Nate Silver: Pulitzer-winning newspapers aren’t immune to circulation losses

FiveThirtyEight

A newspaper’s Pulitzer Prize count has very little effect on its circulation losses, Nate Silver found after a spin through some data:

Does that mean that newspapers might as well forget about quality as an economic strategy? That’s not what this data says. There is a relationship between Pulitzer Prizes and circulation (the correlation is .53 among the 50 newspapers listed here). It’s just that this relationship hasn’t changed much from 10 years ago. The vast majority of newspapers have seen their circulations decline; the ones that win a lot of Pulitzers have suffered about as much as the ones that don’t. You could spin this result as a negative for high-quality journalism — newspapers that win Pulitzers are doing no better at retaining their readers — or as a positive — almost all newspapers are struggling, but the ones that win Pulitzers continue to have more readers.

Silver looked at daily circulation figures, which led to some strangeness: The Times-Picayune dropped 100 percent by his count, for example, because it no longer publishes daily.

Increasingly, though, it’s nearly impossible to wrest any meaning from the circulation figures publishers report to the Alliance for Audited Media. The data are, as Silver might say, very, very noisy.

Some papers count average daily circulation as Monday through Friday. Some do Monday through Saturday. Others, like the Times-Picayune, break out circulation data by individual day. At any rate, Sunday is “by far the most valuable audience for advertisers,” Rick Edmonds wrote in 2012.

Here’s what I wrote last October about circulation in Louisiana in September 2013:

In Louisiana, home to one of the nation’s most consistently interesting newspapering ecosystems, the average Sunday circulation of The (New Orleans) Times-Picayune rose 12 percent, to 163,530. Its average print circulation on Sundays fell 10 percent, to 130,881. The Advocate of Baton Rouge, which has made a play for the New Orleans market, reports a 24 percent rise in average Sunday circulation, to 122,453, and a 42 percent rise in average weekday circulation, to 103,990. Both figures include about 22,000 digital editions. Average Sunday print circulation at the Advocate was up nearly 3 percent, to 100,046, and average weekday circulation was up nearly 19 percent, to 81,845.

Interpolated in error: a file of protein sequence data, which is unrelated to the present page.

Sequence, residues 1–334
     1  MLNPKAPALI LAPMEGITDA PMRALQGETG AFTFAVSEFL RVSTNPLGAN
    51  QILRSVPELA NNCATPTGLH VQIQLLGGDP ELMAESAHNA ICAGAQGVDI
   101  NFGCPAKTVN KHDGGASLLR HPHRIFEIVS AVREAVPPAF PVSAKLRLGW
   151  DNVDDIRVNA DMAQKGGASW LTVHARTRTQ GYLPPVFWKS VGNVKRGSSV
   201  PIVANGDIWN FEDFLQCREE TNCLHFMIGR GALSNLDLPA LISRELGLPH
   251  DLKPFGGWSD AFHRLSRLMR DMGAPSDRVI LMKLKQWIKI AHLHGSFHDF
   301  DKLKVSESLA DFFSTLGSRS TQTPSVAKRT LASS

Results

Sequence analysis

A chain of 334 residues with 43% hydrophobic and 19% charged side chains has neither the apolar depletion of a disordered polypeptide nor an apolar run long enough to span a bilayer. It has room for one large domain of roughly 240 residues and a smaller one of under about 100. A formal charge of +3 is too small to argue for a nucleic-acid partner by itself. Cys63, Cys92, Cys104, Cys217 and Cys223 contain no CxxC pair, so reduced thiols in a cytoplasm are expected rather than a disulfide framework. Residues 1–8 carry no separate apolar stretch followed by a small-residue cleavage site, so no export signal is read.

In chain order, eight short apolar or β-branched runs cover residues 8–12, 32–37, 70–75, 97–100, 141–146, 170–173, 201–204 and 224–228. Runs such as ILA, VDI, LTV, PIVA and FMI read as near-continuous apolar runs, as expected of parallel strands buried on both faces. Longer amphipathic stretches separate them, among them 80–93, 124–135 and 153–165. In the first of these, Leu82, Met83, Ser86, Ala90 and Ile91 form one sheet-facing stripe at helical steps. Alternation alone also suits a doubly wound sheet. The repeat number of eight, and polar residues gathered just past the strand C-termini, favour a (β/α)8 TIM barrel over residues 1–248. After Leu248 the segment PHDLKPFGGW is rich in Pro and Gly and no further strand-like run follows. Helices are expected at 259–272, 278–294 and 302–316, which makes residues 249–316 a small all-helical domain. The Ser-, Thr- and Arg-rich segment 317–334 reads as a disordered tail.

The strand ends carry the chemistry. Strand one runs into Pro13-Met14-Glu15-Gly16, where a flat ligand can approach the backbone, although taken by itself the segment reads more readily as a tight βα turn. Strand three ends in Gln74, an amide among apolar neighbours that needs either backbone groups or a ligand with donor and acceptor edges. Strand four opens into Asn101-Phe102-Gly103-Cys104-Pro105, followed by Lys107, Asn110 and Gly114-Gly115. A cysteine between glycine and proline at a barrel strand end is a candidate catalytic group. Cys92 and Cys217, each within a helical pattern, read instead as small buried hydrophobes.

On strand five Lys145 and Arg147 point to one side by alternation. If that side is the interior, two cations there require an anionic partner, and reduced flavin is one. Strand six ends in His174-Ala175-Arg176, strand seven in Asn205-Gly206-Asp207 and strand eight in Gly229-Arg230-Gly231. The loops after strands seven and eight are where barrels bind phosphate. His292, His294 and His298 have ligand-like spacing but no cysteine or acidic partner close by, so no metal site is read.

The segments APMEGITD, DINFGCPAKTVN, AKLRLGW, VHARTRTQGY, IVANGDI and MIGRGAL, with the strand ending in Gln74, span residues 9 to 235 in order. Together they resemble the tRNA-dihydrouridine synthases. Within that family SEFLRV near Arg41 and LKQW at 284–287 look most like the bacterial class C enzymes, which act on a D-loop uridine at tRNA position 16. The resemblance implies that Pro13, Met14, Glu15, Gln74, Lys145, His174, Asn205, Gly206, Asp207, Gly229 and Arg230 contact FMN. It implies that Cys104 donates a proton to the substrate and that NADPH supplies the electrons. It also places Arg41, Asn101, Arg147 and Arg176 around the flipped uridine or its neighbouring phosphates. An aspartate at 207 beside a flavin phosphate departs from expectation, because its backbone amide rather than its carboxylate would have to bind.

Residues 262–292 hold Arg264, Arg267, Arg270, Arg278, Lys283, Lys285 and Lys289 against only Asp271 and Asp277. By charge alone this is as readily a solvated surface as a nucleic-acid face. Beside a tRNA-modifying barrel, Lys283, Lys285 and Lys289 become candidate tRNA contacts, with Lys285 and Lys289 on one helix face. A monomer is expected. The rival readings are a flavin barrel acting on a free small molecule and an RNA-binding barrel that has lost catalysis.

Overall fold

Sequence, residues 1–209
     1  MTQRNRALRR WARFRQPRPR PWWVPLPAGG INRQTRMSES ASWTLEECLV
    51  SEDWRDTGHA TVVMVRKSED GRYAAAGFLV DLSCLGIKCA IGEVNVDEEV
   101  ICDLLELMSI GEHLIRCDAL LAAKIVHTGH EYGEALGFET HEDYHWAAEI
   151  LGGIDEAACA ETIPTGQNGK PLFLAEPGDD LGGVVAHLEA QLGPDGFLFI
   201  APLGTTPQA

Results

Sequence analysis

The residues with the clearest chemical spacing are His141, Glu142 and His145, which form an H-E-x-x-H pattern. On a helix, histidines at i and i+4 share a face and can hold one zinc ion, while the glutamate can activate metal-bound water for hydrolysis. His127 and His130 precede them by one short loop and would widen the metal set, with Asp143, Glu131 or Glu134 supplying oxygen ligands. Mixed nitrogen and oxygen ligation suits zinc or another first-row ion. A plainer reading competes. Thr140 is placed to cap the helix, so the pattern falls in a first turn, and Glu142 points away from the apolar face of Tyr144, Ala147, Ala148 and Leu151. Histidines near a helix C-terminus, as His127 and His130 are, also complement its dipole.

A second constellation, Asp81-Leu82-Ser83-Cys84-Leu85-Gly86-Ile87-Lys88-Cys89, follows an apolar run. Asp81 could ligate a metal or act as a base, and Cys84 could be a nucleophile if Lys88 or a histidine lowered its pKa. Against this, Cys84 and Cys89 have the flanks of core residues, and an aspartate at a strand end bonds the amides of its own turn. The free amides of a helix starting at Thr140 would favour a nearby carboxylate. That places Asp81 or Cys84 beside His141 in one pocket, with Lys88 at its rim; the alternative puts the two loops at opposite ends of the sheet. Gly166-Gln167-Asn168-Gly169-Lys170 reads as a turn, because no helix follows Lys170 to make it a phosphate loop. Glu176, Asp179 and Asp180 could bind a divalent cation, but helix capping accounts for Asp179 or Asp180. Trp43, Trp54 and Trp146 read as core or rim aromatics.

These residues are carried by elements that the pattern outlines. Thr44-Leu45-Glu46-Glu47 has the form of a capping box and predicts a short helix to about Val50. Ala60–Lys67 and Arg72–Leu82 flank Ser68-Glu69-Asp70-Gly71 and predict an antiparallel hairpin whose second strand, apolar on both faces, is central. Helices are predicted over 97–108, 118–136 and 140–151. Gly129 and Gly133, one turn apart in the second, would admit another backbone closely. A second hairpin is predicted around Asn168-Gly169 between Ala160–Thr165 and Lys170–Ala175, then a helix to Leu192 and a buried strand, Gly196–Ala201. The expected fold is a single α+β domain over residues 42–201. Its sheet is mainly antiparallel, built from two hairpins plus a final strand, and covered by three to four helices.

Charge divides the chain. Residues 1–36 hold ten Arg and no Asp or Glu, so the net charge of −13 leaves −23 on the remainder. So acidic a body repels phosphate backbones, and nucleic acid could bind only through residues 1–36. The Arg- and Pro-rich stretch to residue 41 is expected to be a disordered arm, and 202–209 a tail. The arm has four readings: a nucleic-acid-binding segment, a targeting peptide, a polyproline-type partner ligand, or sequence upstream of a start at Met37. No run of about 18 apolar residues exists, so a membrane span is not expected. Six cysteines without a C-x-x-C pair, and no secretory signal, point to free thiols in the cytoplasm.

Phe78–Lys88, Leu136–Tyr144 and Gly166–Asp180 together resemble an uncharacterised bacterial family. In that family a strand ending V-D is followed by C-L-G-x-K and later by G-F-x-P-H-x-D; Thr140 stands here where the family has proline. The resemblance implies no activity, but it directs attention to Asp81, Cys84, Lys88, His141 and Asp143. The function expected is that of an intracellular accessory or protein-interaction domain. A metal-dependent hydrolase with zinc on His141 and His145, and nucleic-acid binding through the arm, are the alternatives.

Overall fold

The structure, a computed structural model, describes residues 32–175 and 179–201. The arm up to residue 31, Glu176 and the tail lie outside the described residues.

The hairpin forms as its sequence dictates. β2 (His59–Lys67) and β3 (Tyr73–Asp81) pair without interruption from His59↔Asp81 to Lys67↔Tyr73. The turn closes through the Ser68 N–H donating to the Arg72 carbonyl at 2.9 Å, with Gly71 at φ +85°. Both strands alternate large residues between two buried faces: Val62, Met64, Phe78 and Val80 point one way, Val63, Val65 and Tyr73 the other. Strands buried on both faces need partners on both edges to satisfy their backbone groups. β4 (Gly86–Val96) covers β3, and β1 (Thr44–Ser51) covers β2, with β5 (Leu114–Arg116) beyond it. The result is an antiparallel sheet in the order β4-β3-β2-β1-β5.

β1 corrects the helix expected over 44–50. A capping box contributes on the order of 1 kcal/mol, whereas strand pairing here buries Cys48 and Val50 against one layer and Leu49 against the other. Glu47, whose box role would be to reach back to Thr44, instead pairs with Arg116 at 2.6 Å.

In a memo to staff Nov. 1, Nola Media Group President and Publisher Ricky Mathews and Advance Central Services Louisiana General Manager Ray Massett took issue with my post, saying that because “those assertions include electronic data as well as print data, and because they give no geography-specific data, they draw a distorted picture both of the overall circulation and of what we know and don’t know about what’s happening in the New Orleans market.”

Complicating things further, AAM, which used to be known as the Audit Bureau of Circulations, has changed its rules about reporting data in recent years. It now counts branded editions — which could be Spanish language editions, or lawn-delivered products like The Washington Post’s Savings Now that caused what looked like a huge drop in the paper’s circulation one year. Its rules about digital editions mean “a single subscriber could be counted twice, three or four times if paying for access on several different devices,” Edmonds wrote.

“Oversimplification has not served our industry well,” Newspaper Association of America Vice President of Audience Development John P. Murray wrote in a statement last October. AAM’s publisher statements “worked in the past due to the belief that newspapers will fare well considering the offerings of their competitors,” Murray wrote. “Increasingly, this is no longer the case.”

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